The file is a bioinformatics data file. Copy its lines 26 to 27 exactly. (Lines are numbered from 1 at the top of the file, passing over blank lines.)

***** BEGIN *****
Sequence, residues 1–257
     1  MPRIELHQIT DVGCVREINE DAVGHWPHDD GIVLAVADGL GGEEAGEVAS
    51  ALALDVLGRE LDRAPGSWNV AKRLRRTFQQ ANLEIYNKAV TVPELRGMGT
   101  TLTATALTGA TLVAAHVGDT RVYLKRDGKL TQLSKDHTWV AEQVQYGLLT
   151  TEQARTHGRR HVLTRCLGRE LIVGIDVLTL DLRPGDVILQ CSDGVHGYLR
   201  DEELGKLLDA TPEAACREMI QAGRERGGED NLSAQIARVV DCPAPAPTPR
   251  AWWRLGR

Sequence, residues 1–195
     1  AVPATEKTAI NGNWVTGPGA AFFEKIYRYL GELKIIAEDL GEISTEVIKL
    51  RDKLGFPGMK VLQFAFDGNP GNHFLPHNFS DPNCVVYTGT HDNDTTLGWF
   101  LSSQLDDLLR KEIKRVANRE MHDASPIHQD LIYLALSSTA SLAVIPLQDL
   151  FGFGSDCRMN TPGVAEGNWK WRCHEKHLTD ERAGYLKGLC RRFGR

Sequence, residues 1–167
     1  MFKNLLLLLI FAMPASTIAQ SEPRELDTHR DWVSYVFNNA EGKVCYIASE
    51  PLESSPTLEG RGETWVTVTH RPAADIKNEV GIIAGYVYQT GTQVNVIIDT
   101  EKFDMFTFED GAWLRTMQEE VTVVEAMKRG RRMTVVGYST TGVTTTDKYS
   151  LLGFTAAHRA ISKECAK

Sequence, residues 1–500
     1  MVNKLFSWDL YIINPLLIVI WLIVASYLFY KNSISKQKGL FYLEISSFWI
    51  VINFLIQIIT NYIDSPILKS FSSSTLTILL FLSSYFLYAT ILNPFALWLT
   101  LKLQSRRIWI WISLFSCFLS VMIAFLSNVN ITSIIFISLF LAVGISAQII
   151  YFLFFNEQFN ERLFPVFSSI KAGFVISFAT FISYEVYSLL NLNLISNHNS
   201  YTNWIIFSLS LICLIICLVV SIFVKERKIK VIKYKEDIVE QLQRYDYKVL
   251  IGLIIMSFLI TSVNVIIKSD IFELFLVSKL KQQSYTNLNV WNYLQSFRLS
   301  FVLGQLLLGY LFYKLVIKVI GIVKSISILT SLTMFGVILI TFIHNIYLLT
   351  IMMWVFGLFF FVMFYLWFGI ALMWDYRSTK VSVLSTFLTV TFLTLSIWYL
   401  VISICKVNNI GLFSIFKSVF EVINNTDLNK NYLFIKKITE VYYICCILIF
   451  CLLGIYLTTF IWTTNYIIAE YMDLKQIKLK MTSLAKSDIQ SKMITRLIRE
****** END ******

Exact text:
   351  IMMWVFGLFF FVMFYLWFGI ALMWDYRSTK VSVLSTFLTV TFLTLSIWYL
   401  VISICKVNNI GLFSIFKSVF EVINNTDLNK NYLFIKKITE VYYICCILIF